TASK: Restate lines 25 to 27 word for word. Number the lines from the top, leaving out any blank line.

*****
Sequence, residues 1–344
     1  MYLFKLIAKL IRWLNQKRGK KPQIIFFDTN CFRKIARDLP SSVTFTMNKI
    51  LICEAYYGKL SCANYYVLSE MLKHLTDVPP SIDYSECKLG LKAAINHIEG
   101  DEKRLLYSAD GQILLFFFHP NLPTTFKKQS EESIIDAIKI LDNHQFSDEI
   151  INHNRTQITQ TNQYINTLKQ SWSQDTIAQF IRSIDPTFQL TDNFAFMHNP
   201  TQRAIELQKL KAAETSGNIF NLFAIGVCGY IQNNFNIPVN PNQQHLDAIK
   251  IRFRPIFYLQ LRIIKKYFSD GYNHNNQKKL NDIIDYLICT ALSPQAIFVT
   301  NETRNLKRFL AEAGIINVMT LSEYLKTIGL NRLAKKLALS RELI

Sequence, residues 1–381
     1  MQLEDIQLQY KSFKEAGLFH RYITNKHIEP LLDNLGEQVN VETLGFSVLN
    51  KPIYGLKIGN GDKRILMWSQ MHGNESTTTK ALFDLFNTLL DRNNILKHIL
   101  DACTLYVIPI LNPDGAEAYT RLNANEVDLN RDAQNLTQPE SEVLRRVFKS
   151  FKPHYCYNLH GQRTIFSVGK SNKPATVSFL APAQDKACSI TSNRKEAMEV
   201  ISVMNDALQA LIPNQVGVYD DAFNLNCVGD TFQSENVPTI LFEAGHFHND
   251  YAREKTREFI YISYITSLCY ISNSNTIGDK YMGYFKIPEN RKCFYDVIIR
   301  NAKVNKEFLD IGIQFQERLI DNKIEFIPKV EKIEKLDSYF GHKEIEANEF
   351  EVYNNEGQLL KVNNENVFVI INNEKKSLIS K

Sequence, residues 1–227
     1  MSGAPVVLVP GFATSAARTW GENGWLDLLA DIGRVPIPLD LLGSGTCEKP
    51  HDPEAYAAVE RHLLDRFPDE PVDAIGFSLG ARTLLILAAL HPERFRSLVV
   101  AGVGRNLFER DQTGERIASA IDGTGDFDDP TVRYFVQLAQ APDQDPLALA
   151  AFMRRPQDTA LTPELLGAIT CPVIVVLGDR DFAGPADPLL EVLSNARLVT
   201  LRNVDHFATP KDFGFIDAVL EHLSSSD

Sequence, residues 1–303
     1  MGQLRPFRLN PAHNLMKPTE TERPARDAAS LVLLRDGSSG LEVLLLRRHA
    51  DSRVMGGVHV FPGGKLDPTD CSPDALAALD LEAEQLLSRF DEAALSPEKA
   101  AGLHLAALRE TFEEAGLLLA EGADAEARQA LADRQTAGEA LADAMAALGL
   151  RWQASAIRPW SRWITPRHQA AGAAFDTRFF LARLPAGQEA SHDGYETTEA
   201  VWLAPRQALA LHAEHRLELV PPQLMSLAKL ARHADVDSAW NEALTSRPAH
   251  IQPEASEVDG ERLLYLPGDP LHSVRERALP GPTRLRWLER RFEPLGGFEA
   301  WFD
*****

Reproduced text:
     1  MGQLRPFRLN PAHNLMKPTE TERPARDAAS LVLLRDGSSG LEVLLLRRHA
    51  DSRVMGGVHV FPGGKLDPTD CSPDALAALD LEAEQLLSRF DEAALSPEKA
   101  AGLHLAALRE TFEEAGLLLA EGADAEARQA LADRQTAGEA LADAMAALGL